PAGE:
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Visualization of ultrafast melting initiated from radiation-driven defects in solids

Research output: Contribution to journalJournal articlepeer-review

Published
  • M. Mo
  • S. Murphy
  • Z. Chen
  • P. Fossati
  • R. Li
  • Y. Wang
  • X. Wang
  • S. Glenzer
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Article numbereaaw0392
<mark>Journal publication date</mark>24/05/2019
<mark>Journal</mark>Science Advances
Issue number5
Volume5
Number of pages9
Publication StatusPublished
<mark>Original language</mark>English

Abstract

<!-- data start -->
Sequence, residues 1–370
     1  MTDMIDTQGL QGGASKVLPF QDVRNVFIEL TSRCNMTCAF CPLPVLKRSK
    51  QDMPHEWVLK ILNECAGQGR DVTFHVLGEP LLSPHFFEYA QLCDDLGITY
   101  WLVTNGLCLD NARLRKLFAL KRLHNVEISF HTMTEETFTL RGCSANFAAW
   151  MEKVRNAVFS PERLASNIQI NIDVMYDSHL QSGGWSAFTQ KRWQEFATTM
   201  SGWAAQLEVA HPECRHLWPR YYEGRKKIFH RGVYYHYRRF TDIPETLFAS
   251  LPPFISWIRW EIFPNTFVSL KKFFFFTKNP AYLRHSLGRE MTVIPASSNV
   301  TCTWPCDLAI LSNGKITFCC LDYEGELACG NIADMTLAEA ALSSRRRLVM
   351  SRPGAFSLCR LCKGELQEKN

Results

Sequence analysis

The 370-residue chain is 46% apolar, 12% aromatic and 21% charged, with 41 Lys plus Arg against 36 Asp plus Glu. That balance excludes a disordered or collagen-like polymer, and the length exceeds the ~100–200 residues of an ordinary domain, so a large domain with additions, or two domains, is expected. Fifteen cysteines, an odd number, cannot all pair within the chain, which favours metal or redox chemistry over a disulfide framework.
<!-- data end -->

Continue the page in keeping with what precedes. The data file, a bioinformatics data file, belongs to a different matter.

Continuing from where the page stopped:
Materials exposed to extreme radiation environments such as fusion reactors or deep spaces accumulate substantial defect populations that alter their properties and subsequently the melting behavior. The quantitative characterization requires visualization with femtosecond temporal resolution on the atomic-scale length through measurements of the pair correlation function. Here, we demonstrate experimentally that electron diffraction at relativistic energies opens a new approach for studies of melting kinetics. Our measurements in radiation-damaged tungsten show that the tungsten target subjected to 10 displacements per atom of damage undergoes a melting transition below the melting temperature. Twoerature molecular dynamics simulations reveal the crucial role of defect clusters, particularly nanovoids, in driving the ultrafast melting process observed on the time scale of less than 10 ps. These results provide new atomic-level insights into the ultrafast melting processes of materials in extreme environments. © 2019 by the Authors.